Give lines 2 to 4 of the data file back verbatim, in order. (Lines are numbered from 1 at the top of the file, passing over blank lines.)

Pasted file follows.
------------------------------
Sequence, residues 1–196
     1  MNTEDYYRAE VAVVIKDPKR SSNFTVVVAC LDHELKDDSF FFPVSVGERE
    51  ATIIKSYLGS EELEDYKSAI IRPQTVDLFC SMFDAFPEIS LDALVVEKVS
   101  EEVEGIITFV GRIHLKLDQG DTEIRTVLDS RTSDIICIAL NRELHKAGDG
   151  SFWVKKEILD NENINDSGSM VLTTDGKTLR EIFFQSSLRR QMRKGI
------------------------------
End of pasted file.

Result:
     1  MNTEDYYRAE VAVVIKDPKR SSNFTVVVAC LDHELKDDSF FFPVSVGERE
    51  ATIIKSYLGS EELEDYKSAI IRPQTVDLFC SMFDAFPEIS LDALVVEKVS
   101  EEVEGIITFV GRIHLKLDQG DTEIRTVLDS RTSDIICIAL NRELHKAGDG